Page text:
Honda Employs Influencer Marketing Strategies in 2018 Super Bowl Ad
By: Thomas Hughes
In the third quarter of Super Bowl LII on Sunday, a Honda commercial titled “The Helpful Hunt” aired in Southern California, in which a Honda spokesman in a light blue shirt walks on screen, faces the camera, and says “Hello.”
The greeting is followed by 24 seconds of silence in which a variety of strange scenes take place behind him, including a man crossing the street in slow motion while a nearby woman walks in regular time. However, in the very back of the frame, a website can be made out on the side of a delivery truck, declaring “TheHelpfulHunt.com.”
After going to the website, viewers found themselves at the beginning of a puzzle in which the strange background events from the commercial served as clues. Upon completing the puzzle, they were informed that they had moved the company one step closer to donating a Honda to a local family in need. Consumers thus walked away feeling accomplished for completing the challenge and satisfied in the intent, both of which emotions are then associated with Honda.
The commercial itself communicates nothing. The residence of San Diego weren’t falling out of their seats laughing over a silly character, and the people of Los Angeles weren’t moved to tears by a touching story.
Over the course of the last five years, television commercials have begun to shift away from the old model of vague storylines and blatant product placement to a new form of mass advertising that encourages engagement. In 2008, E-Trade aired their baby-centered commercial during Super Bowl XLII, encouraging their audience to interact with a 1-800 number as well as their website in one of the first popular instances of this strategy. During the following year’s Super Bowl, Cash4Gold.com drove enormous traffic to their website with an iconic fast-paced advertisement with Ed McMahon and MC Hammer. By funneling interested viewers to websites and apps, companies such as Honda are better able to interact with their consumers through graphics, games, and limited time sales, while also collecting quality data on when and why users left their platform. The most prevalent form of this advertising is influencer marketing.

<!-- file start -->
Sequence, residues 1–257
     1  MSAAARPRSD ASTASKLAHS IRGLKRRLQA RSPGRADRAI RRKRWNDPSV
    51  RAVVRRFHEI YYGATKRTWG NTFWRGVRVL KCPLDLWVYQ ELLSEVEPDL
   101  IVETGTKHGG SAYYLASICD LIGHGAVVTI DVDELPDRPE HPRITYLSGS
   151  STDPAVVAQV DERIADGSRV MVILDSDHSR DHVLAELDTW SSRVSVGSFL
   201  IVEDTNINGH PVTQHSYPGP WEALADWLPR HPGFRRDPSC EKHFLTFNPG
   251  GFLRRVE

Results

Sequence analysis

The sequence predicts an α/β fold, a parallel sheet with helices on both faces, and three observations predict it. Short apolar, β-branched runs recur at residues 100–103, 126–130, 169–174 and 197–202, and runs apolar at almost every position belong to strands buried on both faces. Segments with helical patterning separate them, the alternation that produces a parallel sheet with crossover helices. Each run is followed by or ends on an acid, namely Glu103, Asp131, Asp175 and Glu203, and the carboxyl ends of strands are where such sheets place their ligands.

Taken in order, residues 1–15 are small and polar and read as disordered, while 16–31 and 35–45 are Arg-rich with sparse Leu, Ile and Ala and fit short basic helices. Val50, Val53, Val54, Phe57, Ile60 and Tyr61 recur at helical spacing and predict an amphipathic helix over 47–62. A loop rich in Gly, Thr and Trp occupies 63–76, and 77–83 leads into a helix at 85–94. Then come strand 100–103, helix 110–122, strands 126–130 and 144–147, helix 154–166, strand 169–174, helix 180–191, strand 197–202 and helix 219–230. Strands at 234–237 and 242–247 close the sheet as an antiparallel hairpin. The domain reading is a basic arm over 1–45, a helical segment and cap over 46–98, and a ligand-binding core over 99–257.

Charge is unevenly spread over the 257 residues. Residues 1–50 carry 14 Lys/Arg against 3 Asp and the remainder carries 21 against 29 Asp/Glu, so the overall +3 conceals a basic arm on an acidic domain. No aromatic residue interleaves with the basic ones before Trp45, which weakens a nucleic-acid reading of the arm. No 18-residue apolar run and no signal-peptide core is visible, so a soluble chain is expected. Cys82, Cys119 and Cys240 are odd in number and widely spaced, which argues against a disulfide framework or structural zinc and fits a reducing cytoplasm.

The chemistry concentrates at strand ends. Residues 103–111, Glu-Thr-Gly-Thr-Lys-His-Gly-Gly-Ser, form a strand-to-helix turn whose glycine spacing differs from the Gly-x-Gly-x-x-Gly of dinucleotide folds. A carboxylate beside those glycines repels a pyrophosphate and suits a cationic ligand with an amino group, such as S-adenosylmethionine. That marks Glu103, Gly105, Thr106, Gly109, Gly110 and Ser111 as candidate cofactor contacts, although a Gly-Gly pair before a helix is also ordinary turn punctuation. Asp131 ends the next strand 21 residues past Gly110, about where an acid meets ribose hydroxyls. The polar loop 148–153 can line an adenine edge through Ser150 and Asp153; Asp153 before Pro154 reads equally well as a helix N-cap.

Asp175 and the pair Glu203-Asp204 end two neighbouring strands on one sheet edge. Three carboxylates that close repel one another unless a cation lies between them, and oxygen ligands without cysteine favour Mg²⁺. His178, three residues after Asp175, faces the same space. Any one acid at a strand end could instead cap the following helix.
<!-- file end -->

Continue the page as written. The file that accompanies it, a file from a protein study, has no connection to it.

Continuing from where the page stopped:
With television commercials, viewers can be unfocused, uninterested, or even recording earlier and fast forwarding as an ad that cost money to create and air goes right by. On social media platforms such as YouTube or Instagram, consumers are instead only watching the creators that interest them, meaning they care what these “influencers” have to say. There is a trust between creator and consumer on social media that can be found nowhere else in the modern marketing landscape. While TV feels massive and artificial, individual content creation for social platforms has maintained the “personal” atmosphere.